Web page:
The home office has been a contentious subject in my profession for a number of years. With recent legislation the home office has finally returned to its rightful place as an allowable deduction for many performers. In fact, a recent tax court case helped seal this fact. If you use a room (or rooms) in your home exclusively for your business you will probably qualify for the home office. The use of the room can be as a rehearsal space, storage area for equipment, teaching space, rehearsal area, storage of scripts and library material, home recording and/or video studio, record keeping for the business, marketing, etc. The home office is a fairly straightforward deduction to calculate on form 8829. It simply utilizes a formula based on the square footage of the business portion (the home office) of your home vs. the total square footage of the house or apartment and applies that percentage to all associated costs. The costs could include apartment rent, mortgage interest, real estate taxes, condo fees, utilities, insurance, repairs, etc. Other rules that come into play here include the "exclusive use" requirement. This rule states that the home office must be used only for the business no "mixed use" allowed. In other words the home office cannot be part of a larger room such as the living room unless the business part is partitioned off in some way. The home office can be a powerful write-off as it allows the musician to deduct a part of what were non-deductible personal expenses. Look into the new "Simplified Method" beginning in 2013.
Other Unique Deductions
Performers and actors have other unique deductions that are considered personal for most other taxpayers. These include concert tickets, CD’s, stage makeup and wardrobe, lessons & classes, videos & DVDs, etc. Remember not to get greedy on items like concert tickets, shows and CDs. The IRS loves to attack deductions such as these. But they are allowed since performers must keep up with trends in their profession. Most tax preparers call it "research," but be prepared to justify it. In any case do not deduct EVERY concert or show you attend in the year; they can’t all be "research," some must be for personal enjoyment. This also holds true for videos and CDs, some purchases must be for personal pleasure alone.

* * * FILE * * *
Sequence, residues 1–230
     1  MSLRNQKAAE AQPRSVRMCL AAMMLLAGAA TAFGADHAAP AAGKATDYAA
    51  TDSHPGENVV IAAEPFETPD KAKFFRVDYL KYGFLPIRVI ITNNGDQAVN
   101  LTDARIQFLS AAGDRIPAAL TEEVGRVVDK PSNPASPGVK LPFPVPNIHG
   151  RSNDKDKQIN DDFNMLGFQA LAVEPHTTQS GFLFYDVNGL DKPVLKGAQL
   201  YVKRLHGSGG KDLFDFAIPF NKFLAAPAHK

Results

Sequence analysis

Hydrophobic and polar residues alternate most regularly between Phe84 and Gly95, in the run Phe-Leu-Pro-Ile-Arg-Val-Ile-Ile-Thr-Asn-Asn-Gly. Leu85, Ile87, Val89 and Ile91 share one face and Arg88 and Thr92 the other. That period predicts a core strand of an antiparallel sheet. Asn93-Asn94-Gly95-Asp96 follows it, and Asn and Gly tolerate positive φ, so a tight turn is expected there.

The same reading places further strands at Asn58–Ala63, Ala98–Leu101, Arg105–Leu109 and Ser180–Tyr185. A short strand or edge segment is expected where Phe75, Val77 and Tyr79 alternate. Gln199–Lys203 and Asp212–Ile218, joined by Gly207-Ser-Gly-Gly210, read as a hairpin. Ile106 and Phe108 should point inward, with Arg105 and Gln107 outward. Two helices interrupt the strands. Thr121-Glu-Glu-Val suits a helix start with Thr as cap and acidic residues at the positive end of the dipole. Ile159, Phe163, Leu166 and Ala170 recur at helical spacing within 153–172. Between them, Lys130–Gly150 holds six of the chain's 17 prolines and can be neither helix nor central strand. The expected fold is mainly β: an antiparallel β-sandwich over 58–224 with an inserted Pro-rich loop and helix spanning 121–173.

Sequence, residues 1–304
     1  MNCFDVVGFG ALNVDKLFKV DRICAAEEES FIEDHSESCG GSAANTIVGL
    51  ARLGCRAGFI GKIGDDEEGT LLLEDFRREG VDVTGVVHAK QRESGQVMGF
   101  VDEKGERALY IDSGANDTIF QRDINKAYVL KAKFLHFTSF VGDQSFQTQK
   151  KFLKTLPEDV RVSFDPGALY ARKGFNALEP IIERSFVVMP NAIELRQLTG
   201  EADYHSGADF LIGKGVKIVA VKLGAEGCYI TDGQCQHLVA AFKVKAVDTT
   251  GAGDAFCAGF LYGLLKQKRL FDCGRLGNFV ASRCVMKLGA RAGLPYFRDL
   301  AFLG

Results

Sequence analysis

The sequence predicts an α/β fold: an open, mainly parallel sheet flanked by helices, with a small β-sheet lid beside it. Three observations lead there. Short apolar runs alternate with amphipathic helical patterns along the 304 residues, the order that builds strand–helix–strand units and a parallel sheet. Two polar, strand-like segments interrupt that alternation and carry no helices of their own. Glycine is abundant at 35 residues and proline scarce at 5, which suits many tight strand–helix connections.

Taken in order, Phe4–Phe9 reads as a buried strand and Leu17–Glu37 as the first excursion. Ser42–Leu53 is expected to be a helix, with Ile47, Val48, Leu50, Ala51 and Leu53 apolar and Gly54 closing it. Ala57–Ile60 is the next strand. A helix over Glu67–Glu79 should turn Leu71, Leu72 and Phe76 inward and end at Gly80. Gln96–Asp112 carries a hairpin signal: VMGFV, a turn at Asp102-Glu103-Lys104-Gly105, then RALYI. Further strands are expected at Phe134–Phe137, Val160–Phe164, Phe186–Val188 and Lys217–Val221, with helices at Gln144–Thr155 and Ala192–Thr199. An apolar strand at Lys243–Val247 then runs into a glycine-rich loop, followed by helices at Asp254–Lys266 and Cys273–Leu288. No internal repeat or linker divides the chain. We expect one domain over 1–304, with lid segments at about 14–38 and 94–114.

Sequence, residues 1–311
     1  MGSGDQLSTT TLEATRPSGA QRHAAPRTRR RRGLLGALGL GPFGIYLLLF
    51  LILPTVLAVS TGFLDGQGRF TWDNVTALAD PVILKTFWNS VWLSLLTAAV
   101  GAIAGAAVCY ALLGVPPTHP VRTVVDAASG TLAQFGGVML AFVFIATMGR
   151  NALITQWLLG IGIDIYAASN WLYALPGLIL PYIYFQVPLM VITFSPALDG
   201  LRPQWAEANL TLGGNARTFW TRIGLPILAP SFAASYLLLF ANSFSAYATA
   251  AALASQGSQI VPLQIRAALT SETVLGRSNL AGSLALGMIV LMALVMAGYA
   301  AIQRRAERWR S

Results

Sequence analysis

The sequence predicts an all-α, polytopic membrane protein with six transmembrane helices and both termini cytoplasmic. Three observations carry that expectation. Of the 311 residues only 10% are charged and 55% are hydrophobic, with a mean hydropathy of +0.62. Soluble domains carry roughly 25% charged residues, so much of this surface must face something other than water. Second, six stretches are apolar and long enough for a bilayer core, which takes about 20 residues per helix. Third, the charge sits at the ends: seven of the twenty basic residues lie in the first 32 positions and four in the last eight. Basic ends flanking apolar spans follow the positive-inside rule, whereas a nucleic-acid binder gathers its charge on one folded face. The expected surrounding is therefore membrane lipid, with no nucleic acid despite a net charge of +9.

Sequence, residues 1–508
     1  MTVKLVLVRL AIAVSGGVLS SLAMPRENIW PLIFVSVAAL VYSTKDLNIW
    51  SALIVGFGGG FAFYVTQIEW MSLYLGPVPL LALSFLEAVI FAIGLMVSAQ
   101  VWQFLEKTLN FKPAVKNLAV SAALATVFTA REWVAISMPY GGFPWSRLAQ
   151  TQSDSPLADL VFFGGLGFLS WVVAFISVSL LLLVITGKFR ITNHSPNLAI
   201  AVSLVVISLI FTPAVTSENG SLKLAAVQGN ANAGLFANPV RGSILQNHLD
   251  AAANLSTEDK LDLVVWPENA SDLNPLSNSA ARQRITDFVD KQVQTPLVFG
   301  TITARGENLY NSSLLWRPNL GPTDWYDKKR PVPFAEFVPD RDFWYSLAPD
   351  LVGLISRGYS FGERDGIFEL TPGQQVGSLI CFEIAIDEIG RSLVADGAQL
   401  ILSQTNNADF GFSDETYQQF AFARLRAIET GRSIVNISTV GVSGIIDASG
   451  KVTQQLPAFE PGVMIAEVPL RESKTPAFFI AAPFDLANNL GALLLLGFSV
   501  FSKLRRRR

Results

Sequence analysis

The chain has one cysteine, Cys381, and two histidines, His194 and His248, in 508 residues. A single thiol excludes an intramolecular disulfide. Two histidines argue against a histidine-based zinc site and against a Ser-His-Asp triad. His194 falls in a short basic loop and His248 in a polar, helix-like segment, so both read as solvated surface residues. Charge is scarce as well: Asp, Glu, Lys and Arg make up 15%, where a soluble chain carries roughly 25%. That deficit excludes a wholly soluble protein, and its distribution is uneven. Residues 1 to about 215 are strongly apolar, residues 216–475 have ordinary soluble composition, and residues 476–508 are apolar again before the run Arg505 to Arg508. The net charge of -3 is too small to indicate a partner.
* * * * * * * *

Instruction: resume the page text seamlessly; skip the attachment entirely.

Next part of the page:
Remember that this outline is not intended to be the whole story. For more information please purchase our newly updated 5th Edition book "The New Tax Guide for Writers, Artists, Performers, & Other Creative People"" which contains more information as well as dozens of real life tax situations for the performer. The Federal Tax Code is very complicated and your specific applications should be reviewed with a tax professional before filing your taxes. The actor and performer are unique in the world of taxes. When you are shopping for a tax preparer please make sure they have some experience in taxation for performers. Also, organize your numbers using our attached worksheets (and bring along this article), it will make the process easier and cheaper and will help you maximize your deductions. Ask your preparer about other tax saving strategies for self-employed individuals such as retirement plans, health insurance and deduction timing. For more information please purchase our book "The New Tax Guide for Artists of Every Persuasion" which contains more information as well as dozens of real life tax situations for the performer.
© Peter Jason Riley, CPA